Foggy Bottom in Washington, District of Columbia — The American Northeast (Mid-Atlantic)
Albert Einstein - The Einstein Memorial
"As long as I have any choice in the matter, I shall live only in a country where civil liberty, tolerance, and equality of all citizens before the law prevail," Albert Einstein.
Albert Einstein, probably best known for his theory of relativity, revolutionized scientific thought with new concepts of space, time, mass, motion, and gravitation. His statement that energy and matter are interchangeable was the key to the development of atomic energy.
Born in Ulm, Germany, in 1879, Einstein grew up in Munich. Unable to find a teaching job after graduating from a technical institute in Zurich, Switzerland, he accepted a post as examiner in the Swiss patent office. He worked there from 1902 in 1909, devoting only his spare time to his own scientific interests.
The year 1905 was a turning point in Einstein's life. He received a doctorate in physics
The first paper described light as a stream of energy particles called "quanta." It explained the already observed photo-electric effect--that beams of light cause metals to release electrons that can be converted into electric current. It was for this work that, in 1921, Albert Einstein received the Nobel Prize in physics.
The second paper, on the electrodynamics of moving bodies, contained Einstein's special theory of relativity. The famous equation E=mc2 related mass directly to energy. (A manuscript copy of the paper is housed in the Library of Congress in Washington, D.C.) The third paper explained Brownian motion--the irregular movement of particles suspended in a liquid or a gas--and showed that such motion is the consequence of fundamental nature of matter.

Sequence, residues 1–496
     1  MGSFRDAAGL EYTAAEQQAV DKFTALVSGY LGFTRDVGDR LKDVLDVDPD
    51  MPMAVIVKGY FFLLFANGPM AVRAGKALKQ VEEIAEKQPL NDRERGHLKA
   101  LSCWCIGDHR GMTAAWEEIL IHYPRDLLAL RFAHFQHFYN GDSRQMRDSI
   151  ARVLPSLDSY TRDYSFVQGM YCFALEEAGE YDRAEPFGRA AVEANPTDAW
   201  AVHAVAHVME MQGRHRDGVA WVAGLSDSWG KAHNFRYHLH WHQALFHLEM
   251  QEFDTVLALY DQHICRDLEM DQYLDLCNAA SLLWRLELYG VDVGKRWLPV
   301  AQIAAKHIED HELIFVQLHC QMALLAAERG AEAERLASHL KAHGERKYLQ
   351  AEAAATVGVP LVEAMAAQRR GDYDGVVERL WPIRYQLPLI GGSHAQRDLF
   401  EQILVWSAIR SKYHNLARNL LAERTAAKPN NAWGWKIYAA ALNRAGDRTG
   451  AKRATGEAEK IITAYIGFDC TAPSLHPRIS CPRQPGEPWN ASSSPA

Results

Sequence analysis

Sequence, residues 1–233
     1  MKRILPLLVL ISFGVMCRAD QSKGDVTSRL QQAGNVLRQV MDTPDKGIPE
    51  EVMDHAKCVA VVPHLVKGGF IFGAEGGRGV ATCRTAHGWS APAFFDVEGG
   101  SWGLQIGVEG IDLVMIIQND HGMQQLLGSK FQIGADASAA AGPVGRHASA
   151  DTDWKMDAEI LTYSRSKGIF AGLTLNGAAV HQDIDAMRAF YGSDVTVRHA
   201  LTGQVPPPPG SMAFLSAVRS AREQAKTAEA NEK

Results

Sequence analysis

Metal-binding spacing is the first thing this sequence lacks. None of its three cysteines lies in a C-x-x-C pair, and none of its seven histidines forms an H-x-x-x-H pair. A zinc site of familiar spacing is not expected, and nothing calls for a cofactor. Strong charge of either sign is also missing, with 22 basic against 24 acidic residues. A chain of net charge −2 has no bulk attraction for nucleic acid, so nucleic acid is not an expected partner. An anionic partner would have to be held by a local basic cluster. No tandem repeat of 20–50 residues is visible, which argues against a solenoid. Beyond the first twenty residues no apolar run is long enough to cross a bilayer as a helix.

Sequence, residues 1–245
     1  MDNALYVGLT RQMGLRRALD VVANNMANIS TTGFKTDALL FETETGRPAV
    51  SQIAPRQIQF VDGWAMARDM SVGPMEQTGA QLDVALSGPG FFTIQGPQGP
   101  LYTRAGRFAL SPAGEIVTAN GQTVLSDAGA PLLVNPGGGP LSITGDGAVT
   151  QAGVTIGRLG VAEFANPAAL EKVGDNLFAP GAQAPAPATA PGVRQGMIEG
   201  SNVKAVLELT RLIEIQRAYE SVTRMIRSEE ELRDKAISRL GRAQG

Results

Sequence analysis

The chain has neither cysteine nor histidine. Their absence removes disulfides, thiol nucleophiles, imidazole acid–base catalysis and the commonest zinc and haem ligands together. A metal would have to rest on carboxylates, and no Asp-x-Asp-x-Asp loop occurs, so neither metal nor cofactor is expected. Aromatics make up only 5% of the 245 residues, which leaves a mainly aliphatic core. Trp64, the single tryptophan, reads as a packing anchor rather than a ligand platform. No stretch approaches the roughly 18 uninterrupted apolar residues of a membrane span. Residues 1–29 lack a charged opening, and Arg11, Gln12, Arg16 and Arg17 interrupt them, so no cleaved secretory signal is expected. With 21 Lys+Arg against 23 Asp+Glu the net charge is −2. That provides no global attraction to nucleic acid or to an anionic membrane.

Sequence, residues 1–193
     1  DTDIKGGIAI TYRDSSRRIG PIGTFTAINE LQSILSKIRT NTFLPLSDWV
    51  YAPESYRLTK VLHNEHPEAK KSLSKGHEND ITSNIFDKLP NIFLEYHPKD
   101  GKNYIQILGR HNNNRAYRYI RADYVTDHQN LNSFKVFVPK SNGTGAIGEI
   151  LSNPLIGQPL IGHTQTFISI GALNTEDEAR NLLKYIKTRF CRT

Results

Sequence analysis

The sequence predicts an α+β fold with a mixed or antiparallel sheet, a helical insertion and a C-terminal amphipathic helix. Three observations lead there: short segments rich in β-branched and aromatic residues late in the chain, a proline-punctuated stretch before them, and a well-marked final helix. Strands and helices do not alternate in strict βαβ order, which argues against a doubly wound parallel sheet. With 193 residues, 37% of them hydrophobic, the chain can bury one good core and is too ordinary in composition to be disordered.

These papers earned for Einstein a series of professorships in Switzerland and Prague. Then, in 1914, he moved to Berlin as a member of the Prussian Academy of Sciences and director of the Kaiser Wihelm Physical Institute. He was free to teach at the University
In 1933, Einstein came to the United States and joined the newly formed Institute for Advanced Studies at Princeton, New Jersey. He became a citizen of the United States in 1940, was elected to membership in the National Academy of Sciences in 1942, and remained affiliated with the Institute at Princeton until his death in 1955.
In his later years, Einstein worked actively on behalf of world government and world peace. But he kept his allegiance to science. In a discussion of his political activities, he once said, "... politics is for the present, but an equation ... is ... for eternity."
[Photo caption]: Albert Einstein at the age of 53.
[Panel 2:] The Einstein Memorial.
"The right to search for truth implies also a duty; one must not conceal any part of what one has recognized to be true," Albert Einstein.
No more appropriate memorial could stand on the grounds of the National Academy of Sciences than one honoring Albert Einstein. It commemorates the centennial of the
The memorial depicts Einstein resting on a semicircular three-step bench of white granite from Mount Airy, North Carolina. At his feet, much of the visible universe--Einstein's laboratory--is portrayed in a circular sky map. This 28-foot field of emerald pearl granite from Larvik, Norway, is embedded with more than 2,700 small metal studs.
These represent the planets, sun, moon, stars (to the sixth magnitude), and other celestial objects positioned as they were at noon on April 22, 1979, when the memorial was unveiled and dedicated at an Academy Convocation. At that dedication, Professor John Archibald Wheeler eulogized the status as "a monument to the man who united space and time into spacetime...a remembrance of the man who taught us...that the universe does not go on from everlasting to everlasting, but begins with a bang."